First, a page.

Sphere On Incline (Rotational Kinematics and Energy)

• Pat2666
In summary, a solid sphere of uniform density with a mass of 4.2 kg and a radius of 0.28 m starts from rest and rolls without slipping down a 22° incline for a distance of 2.6 m. The fraction of kinetic energy that is translational is 0.71, the translational kinetic energy at the bottom is 28.66 J, and the translational speed at the bottom is 3.69 m/s. To find the magnitude of the frictional force, the linear acceleration can be found and used with Newton's 2nd law for translation.
Pat2666
Okay, another problem from me!

http://img187.imageshack.us/img187/69/32aa2d25kf9.jpg

A solid sphere of uniform density starts from rest and rolls without slipping a distance of d = 2.6 m down a q = 22° incline. The sphere has a mass M = 4.2 kg and a radius R = 0.28 m.

--------------------------------------------------------------------------------
a) Of the total kinetic energy of the sphere, what fraction is translational?
KEtran/KEtotal = *
0.71 OK

--------------------------------------------------------------------------------
b) What is the translational kinetic energy of the sphere when it reaches the bottom of the incline?
KEtran = J *
28.66 OK

--------------------------------------------------------------------------------
c) What is the translational speed of the sphere as it reaches the bottom of the ramp?
v = m/s *
3.69 OK

--------------------------------------------------------------------------------
d) What is the magnitude of the frictional force on the sphere?
|f| = N

HELP: The frictional force provides the torque needed to give an angular acceleration. Therefore, first find the angular acceleration, then apply the rotational equivalent of Newton's 2nd Law (torque = I*a).
HELP: Since the sphere rolls without slipping, the angular acceleration is related to the translational acceleration, which can be found from kinematic relations.

Alrighty, so I managed to figre out all of the problem except this last bit. I thought I knew what to do after reading over the two HELP bits provided, but clearly I'm doing something wrong.

Since I know the Vt at the bottom of the ramp, and it being zero at the top of the ramp, I thought I could use that to solve for a (as you will see below). I then plug that into the modified equation for torque, but get the wrong answer. I don't fully understand how torque is equivilant to the force of friction, as that's what the HELP seems to say, but I'd also like to understand what I'm doing.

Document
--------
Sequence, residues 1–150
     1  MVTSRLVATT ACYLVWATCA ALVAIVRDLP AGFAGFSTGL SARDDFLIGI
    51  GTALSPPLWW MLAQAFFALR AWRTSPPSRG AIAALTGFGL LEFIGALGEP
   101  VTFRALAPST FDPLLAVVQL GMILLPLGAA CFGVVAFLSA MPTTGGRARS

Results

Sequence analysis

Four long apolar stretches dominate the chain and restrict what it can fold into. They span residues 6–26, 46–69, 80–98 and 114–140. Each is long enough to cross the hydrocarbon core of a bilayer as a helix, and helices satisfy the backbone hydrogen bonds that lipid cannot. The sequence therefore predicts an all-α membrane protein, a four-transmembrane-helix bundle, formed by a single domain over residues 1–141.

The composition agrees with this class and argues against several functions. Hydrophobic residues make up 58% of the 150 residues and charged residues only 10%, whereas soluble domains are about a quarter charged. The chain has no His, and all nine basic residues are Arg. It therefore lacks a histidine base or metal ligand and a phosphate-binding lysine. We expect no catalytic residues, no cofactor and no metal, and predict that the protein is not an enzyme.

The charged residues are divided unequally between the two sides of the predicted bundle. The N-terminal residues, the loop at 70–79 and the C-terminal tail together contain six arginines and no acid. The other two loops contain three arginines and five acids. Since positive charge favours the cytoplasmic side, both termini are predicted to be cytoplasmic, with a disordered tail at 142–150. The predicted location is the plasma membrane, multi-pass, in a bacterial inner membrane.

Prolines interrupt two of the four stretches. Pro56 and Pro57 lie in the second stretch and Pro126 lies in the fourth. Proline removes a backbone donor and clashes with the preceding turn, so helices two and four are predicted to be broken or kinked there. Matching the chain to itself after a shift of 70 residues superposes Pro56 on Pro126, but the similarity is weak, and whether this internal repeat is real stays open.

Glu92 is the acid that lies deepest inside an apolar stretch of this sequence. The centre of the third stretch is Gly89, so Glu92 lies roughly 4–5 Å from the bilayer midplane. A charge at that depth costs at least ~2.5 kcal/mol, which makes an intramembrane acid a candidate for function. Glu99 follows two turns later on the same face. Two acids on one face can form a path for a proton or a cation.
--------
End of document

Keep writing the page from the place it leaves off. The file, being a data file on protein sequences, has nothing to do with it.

My Work :

http://img187.imageshack.us/img187/5945/workje4.jpg

Last edited by a moderator:
Pat2666 said:
Since I know the Vt at the bottom of the ramp, and it being zero at the top of the ramp, I thought I could use that to solve for a (as you will see below).
Sure.
I then plug that into the modified equation for torque, but get the wrong answer.
What's the "modified" equation for torque? T = I*alpha. How does force relate to torque?
I don't fully understand how torque is equivilant to the force of friction, as that's what the HELP seems to say, but I'd also like to understand what I'm doing.
The friction is the only force that exerts a torque on the sphere (about its center of mass). But the force and the torque it produces are two different things. (They even have different units.)

Since you've found the linear acceleration, you can also just apply Newton's 2nd law for translation to find the friction force.

Ahhh, so I solved torque, but that's isn't to force, it's the product of the force and radius.

Thanks for the help :)

I knew something had to be wrong with my answer since I was pretty sure torque =/= the frictional force.

1. What is rotational kinematics?

Rotational kinematics is the study of the motion of objects that are rotating or moving in a circular path. It involves concepts such as angular velocity, angular acceleration, and angular displacement.

2. How does rotational energy relate to a sphere on an incline?

In the context of a sphere on an incline, rotational energy refers to the energy associated with the sphere's rotation as it rolls down the incline. This energy is a combination of its rotational kinetic energy and its potential energy due to its position on the incline.

3. What is the equation for rotational kinetic energy?

The equation for rotational kinetic energy is KE = 1/2 * I * ω^2, where I is the moment of inertia and ω is the angular velocity. This equation shows that rotational kinetic energy depends on the object's mass, shape, and how fast it is rotating.

4. How does the angle of incline affect the motion of a sphere?

The angle of incline affects the motion of a sphere by determining the sphere's speed and acceleration as it rolls down the incline. A steeper incline will result in a higher speed and acceleration, while a shallower incline will result in a slower speed and acceleration.

5. What is the relationship between rotational and translational motion in a sphere on an incline?

In a sphere on an incline, rotational and translational motion are related through the concept of rolling without slipping. This means that the sphere's rotational and translational velocities are directly proportional, and its rotational and translational accelerations are equal in magnitude but opposite in direction.

Replies
19
Views
3K
Replies
10
Views
1K
Replies
8
Views
2K
Replies
97
Views
4K
Replies
35
Views
3K
Replies
5
Views
1K
Replies
3
Views
1K
Replies
7
Views
5K
Replies
5
Views
1K
Replies
6
Views
3K